woensdag 14 oktober 2020
woensdag 7 oktober 2020
I love the blog from Nick Holland Anne Bronte
He visited Haworth this week
And made beautiful photographs, more on his blog.
Today’s new Brontë blog post is light on my words but heavy on those all important Brontë words, apologies in advance, although that may well be a good thing! The reason for this somewhat truncated post is that I’m back in my beloved Haworth for the weekend, sans laptop, but the good news is that I’m finally about to visit the Anne Brontë 200 exhibition at the Brontë Parsonage Museum, and I’ll bring you a full report on that next week.
Normal service will be resumed in next week’s blog, so until then stay healthy and happy and don’t forget to stock up on good books before the next lockdown arrives.
woensdag 9 september 2020
maandag 7 september 2020
Nick Holland is posting a beautiful blog about autumn and the Brontes:
Is it just me, or is this year, for all its strangeness and unpredictability, racing by with wicked speed? In the blink of an eye we are now in September, the start of meteorological autumn and a month when we see nature change around us. Leaves start to turn golden, then brown, and then fall; nights grow darker and longer, even sunny days, suddenly scared to walk alone as they had done throughout summer, are accompanied by a growing chill. It can also, however, be a month filled with beauty, so which aspects did the Brontës of Haworth feel most vividly? In today’s post we’re going to look at September in the writing of the Brontës.
Read more on annebronte/september-in-the-writing-of-the-brontes
It is possible the insane woman held at Norton Conyers was one of the Graham family or maybe somebody they gave pity as insane asylums were basically prisons. People suffering from mental illness were often treated unfairly as it was not recognised as a condition however progress was being made as people now generally believed it was a medical matter and not a supernatural event as in previous years. Family members would confine mentally ill people to, prevent them from being humiliated in public by others, protect them from harm, protect others from harm and keep them out of the prison like insane asylums where they would be treated harshly. Under these circumstances we can sympathise with the Graham family and Mr Rochester as this may have been the most humane option available at the time.
Norton Conyers is open to the public 28 days a year, other nearby places to visit on a day out around Ripon could include Ripon Cathedral, Marmion tower, the Victorian Workhouse Museum, the Prison And Police Museum, the Courthouse Museum, Thornborough Henge, and even Lightwater Valley Theme Park.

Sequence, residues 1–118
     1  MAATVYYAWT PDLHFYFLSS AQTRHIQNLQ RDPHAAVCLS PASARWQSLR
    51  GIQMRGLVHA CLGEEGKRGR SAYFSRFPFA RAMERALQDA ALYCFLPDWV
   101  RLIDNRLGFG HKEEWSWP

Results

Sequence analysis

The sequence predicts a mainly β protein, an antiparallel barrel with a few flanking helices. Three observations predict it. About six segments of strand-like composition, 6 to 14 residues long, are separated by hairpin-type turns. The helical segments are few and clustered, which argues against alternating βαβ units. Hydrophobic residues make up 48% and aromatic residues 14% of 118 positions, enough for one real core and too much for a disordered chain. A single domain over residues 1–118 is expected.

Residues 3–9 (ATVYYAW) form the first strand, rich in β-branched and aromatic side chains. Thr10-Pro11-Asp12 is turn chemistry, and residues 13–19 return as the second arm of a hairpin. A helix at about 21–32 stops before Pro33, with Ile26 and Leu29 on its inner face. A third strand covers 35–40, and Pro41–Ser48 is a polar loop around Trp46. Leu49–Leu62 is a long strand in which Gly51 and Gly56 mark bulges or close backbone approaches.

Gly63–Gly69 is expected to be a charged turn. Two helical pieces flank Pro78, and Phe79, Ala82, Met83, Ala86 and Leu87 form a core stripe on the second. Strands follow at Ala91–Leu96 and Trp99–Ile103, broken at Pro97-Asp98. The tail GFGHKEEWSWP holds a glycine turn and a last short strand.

vrijdag 21 augustus 2020
Banagher Crafting Group
This project looks at the Irish Legacy of the Brontë family as Charlotte Brontë married Banagher-man Arthur Bell Nicholls. In 1861 when Patrick Brontë died, Arthur Bell Nicholls returned to Banagher bringing with him manuscripts, paintings, his wife's wedding chest and all of Brontë memorabilia, including his father-in-law's dogs, Cato and Plato. He cherished these items and his new home became almost a museum to the Brontës. In this community project the Crafting Group in Banagher and the project's co-ordinator, Maebh O'Regan are going to make images of 15 of the key items of the Irish Brontë legacy in needlework. The plan is to use these objects as tools to raise awareness of the importance of the Brontë Legacy in Banagher.
Read all about this project: bronteblog/the-banagher-bronte-legacy-project
dinsdag 18 augustus 2020
zondag 16 augustus 2020
zondag 2 augustus 2020
Image from the John Oxley Library, State Library of Queensland
His daughter Elizabeth Hartley worked as a maid for the Thomas family from Huddersfield. Her job as a maid offered up new and exciting opportunities as her employers the Thomas family were going to Australia and Elizabeth was invited to join them to continue her duties as maid or possibly for a holiday. She accepted the offer and on the 13th of December 1865 they boarded the Steam Ship London at the Gravesend Thames Estuary in Kent destined for Melbourne Australia and a new life.
The lifeboat drew away from the SS London as the passengers stood on deck singing the hymn Rock Of Ages and when the lifeboat got about 70 metres away the stern (back) of the SS London went under and the bows (front) rose high until the ships keel was visible throwing the passengers on deck into the water to be dragged down with the ship by the vortex. Greenhill and the eighteen others onboard the lifeboat were finally rescued by an Italian vessel, the Marianopole and taken to back to England.